Three priests of religious orders who had previously served in archdiocesan parishes or schools were also included in the release.
The posting of the names on the archdiocesan website Oct. 15 marks the first significant act by Wuerl as interim administrator of the archdiocese which he led until Friday, and is the culmination of an internal review of archdiocesan files first ordered by Wuerl in 2017.
“This list is a painful reminder of the grave sins committed by clergy, the pain inflicted on innocent young people, and the harm done to the Church’s faithful, for which we continue to seek forgiveness,” said Wuerl. He also noted that there had not been a credible allegation of abuse of minors against a Washington priest in nearly twenty years.
“Our strong commitment to accompany survivors of abuse on their path toward healing is unwavering, but it is also important to note that to our knowledge there has not been an incident of abuse of a minor by a priest of the archdiocese in almost two decades. There is also no archdiocesan priest in active ministry who has ever been the subject of a credible allegation of abuse of a minor.”
A press release by the archdiocese underscored the existing safeguarding policies in place in Washington, which include an annual, independently audited report on its child protection work posted on the archdiocesan website and in the Catholic Standard newspaper.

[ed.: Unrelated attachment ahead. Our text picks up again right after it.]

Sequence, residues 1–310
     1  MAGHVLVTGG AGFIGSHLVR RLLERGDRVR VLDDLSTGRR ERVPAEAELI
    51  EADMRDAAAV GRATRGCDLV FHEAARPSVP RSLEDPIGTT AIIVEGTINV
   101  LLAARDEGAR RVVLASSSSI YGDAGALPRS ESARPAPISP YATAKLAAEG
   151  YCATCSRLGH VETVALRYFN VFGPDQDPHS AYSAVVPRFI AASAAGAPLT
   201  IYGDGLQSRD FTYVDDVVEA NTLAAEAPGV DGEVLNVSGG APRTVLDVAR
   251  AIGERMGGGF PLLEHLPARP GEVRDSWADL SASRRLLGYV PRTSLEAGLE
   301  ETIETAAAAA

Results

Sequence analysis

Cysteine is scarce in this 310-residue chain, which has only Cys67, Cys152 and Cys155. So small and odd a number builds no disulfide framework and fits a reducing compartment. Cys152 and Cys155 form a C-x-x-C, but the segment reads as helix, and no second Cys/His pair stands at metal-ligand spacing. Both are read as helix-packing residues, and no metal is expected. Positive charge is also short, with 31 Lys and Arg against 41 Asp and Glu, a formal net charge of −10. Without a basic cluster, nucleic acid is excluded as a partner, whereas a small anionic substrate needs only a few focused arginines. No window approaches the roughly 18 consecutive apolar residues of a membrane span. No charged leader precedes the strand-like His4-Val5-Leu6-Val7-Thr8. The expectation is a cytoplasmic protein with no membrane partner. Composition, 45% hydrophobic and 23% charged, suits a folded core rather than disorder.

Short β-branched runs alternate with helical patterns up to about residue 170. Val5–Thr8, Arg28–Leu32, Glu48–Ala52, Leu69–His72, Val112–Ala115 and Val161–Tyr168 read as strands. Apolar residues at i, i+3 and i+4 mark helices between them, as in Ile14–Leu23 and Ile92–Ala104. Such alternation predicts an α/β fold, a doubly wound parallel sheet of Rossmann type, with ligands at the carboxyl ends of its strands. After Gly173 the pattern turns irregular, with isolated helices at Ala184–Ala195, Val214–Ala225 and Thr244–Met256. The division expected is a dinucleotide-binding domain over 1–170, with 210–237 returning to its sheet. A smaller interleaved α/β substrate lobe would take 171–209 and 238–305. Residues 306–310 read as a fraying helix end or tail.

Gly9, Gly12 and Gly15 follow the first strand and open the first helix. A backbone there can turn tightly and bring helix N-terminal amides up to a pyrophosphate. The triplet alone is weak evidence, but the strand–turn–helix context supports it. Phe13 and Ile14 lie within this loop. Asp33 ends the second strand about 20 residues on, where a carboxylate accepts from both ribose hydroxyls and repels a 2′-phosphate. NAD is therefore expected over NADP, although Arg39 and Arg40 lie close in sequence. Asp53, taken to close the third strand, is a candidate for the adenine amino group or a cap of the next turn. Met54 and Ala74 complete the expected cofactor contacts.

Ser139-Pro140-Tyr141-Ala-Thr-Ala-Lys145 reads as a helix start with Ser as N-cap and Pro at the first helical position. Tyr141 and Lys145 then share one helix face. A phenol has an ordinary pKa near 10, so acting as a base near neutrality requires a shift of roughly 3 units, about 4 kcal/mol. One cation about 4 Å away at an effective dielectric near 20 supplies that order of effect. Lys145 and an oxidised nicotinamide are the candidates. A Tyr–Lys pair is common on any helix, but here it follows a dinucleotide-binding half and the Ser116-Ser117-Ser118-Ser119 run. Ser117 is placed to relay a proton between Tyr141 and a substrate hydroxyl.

Kim Viti Fiorentino, Chancellor and General Counsel for the archdiocese, said that while survivors of abuse should remain the first concern of everyone, it was also important that Catholics in the capital’s archdiocese understood the efforts being made to ensure that “there is no safer place for a young person than in an Archdiocese of Washington parish or school.”
The Archdiocese of Washington adopted its first written child protection policy in 1986, with a Case Review Board operating since 1993. Following the adoption of the Dallas Charter and USCCB Essential Norms, the archdiocese has also had a Child Protection Advisory Board with a majority of lay experts as members since 2002.
While the release of the names of credibly accused clergy comes at the end of a year-long process of review, it is the final authorization by Wuerl as archdiocesan administrator instead of archbishop that makes for a conclusion few would have foreseen only months ago.
Ordinarily when a diocese is between bishops and under the care of an administrator the principle of nihil innovator – nothing new – applies, though in this case Wuerl was not so much innovating as bringing to a close work he had already begun.